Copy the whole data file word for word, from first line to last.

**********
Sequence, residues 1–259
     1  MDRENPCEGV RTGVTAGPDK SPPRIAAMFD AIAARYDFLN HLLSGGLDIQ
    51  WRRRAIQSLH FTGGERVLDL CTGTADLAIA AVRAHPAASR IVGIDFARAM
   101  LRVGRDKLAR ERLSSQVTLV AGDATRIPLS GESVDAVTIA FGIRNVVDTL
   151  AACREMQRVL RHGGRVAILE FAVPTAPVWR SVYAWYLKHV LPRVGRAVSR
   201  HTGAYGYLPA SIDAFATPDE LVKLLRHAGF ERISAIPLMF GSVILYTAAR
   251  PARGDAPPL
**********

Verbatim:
Sequence, residues 1–259
     1  MDRENPCEGV RTGVTAGPDK SPPRIAAMFD AIAARYDFLN HLLSGGLDIQ
    51  WRRRAIQSLH FTGGERVLDL CTGTADLAIA AVRAHPAASR IVGIDFARAM
   101  LRVGRDKLAR ERLSSQVTLV AGDATRIPLS GESVDAVTIA FGIRNVVDTL
   151  AACREMQRVL RHGGRVAILE FAVPTAPVWR SVYAWYLKHV LPRVGRAVSR
   201  HTGAYGYLPA SIDAFATPDE LVKLLRHAGF ERISAIPLMF GSVILYTAAR
   251  PARGDAPPL